The ever shrinking opportunities in the job market has compelled graduates to begin embracing alternative sources of generating income.
A case in point is that of Roselyne Khabayi, who completed her undergraduate studies a decade ago and after job-searching for some years, she settled for dairy farming.
The 35-year-old from Luanda area in Luanda sub county in Vihiga county, is a Chuka university- trained psychologist.
Khabayi says after graduation she moved to Kenya’s capital Nairobi in search of employment but could not secure one.
“I went from office to office dropping my CurriculumVitae (CV) hoping to get a response with good news but I only received regrets,” she stated.
The psychologist also tried a hand at consultancy but she could not succeed because she did not have the requisite experience that would attract deals.
It was after going through the tough experience that in the year 2019, she returned to her rural home in Luanda area of Luanda sub county in Vihiga County to explore other options of earning a living.
“I approached Equity bank for credit and fortunately they agreed to lend to me Sh. 200, 000 with a grace period of six months,” she narrated.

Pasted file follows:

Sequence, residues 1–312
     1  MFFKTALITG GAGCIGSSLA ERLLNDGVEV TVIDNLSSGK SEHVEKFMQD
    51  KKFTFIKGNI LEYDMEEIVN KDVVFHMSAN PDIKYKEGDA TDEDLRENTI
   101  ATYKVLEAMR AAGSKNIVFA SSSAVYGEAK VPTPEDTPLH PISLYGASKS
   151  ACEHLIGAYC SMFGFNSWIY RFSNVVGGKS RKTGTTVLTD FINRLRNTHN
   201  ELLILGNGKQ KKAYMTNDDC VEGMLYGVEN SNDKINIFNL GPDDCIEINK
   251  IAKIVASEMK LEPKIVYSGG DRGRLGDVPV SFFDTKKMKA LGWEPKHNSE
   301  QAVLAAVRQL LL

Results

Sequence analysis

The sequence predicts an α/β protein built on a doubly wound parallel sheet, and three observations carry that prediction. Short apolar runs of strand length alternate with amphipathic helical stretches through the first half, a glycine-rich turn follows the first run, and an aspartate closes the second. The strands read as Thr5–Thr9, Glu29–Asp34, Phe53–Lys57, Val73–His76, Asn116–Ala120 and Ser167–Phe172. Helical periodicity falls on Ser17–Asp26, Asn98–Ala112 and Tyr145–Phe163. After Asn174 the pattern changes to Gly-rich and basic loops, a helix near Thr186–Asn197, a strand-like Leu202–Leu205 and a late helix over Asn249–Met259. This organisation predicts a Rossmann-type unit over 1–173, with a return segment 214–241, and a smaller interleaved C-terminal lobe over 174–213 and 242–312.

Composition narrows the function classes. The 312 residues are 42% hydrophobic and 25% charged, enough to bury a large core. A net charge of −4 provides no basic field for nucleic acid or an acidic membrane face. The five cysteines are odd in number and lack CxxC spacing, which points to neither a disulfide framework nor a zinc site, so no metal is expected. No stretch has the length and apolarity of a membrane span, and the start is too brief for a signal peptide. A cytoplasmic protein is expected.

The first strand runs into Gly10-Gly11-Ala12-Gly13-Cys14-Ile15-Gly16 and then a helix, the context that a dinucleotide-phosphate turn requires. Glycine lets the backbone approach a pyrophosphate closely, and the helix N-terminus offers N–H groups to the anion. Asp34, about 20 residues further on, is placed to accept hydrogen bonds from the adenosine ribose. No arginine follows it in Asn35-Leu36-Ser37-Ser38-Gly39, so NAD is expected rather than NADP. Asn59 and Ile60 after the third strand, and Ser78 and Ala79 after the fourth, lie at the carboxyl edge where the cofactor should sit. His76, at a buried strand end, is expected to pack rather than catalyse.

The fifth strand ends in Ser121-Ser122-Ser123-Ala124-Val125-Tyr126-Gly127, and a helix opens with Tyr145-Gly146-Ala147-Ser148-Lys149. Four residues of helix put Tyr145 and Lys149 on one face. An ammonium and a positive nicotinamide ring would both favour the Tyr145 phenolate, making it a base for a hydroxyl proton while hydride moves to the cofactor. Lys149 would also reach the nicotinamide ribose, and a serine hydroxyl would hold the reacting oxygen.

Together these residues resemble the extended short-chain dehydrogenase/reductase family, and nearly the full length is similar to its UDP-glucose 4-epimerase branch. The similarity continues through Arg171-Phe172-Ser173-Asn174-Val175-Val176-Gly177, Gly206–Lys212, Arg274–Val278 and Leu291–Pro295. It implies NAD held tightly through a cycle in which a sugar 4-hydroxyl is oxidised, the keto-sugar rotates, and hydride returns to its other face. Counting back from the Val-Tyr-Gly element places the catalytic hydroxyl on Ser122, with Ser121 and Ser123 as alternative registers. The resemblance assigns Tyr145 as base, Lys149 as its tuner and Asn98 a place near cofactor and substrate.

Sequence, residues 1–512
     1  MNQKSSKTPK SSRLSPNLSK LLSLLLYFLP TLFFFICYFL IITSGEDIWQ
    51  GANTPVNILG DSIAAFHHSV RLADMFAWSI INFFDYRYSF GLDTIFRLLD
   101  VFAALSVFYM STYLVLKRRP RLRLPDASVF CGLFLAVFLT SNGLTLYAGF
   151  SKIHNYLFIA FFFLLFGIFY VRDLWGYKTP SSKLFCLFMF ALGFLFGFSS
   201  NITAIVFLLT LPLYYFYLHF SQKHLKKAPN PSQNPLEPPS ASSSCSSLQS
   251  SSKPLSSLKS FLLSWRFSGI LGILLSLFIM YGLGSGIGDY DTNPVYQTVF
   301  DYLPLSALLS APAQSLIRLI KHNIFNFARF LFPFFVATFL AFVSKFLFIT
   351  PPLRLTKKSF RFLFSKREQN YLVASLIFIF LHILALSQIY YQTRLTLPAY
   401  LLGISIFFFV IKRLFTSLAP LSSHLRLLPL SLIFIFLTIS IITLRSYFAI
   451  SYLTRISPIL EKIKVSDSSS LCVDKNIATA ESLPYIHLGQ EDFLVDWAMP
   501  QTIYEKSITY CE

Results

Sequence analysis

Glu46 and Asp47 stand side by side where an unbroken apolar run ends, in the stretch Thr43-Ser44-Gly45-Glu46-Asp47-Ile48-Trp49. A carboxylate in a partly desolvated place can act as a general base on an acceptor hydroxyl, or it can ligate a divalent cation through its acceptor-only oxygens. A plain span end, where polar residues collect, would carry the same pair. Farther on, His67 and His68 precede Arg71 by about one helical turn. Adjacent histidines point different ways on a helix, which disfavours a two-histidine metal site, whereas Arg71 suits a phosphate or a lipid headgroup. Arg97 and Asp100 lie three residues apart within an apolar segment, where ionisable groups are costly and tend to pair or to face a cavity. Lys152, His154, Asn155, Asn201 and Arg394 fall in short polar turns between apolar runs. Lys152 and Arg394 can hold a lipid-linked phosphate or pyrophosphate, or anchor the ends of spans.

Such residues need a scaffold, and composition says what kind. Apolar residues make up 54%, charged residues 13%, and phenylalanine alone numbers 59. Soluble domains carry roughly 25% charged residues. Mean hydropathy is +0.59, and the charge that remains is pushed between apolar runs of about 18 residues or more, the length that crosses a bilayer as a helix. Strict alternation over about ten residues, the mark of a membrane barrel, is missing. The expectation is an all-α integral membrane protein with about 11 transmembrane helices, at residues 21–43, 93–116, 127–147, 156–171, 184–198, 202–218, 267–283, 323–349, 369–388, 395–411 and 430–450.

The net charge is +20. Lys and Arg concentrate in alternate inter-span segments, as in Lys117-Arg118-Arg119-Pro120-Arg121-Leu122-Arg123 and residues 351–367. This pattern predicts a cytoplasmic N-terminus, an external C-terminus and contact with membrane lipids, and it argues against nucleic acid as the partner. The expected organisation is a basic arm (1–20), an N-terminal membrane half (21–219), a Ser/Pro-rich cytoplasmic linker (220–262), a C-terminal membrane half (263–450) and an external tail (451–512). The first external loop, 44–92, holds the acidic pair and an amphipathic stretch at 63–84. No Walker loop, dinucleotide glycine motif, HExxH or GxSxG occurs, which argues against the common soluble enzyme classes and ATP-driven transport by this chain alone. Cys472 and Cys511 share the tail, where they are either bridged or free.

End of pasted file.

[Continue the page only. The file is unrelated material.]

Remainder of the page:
She stated that she bought two in-calf Friesian cows which calved down within three months.
The dairy farmer states that with increased work of managing the stock, she had to employ a farm hand.
Khabayi disclosed that the cows averagely produce 60 litres of milk in a day which sells at retail price of Sh.60 per litre.
“The proceeds from the milk sales, approximately Sh. 36, 000 per month, enables her to service the bank loan, buy animal feeds as well as pay the worker which leaves her with a profit of about Sh. 20,000.
To cut down on the cost of feeds, she has planted an acre of boma rhodes from which she prepares hay for feeding the animals.
She has maintained a stock of two for easy management as she sells the calves at the age of one year which widens the profit margin.
The county suffers a milk deficit and relies on the supply from the neighbouring Nandi County to bridge the shortfall, so Khabayi has enough market for all her milk.
By Braylyne Munai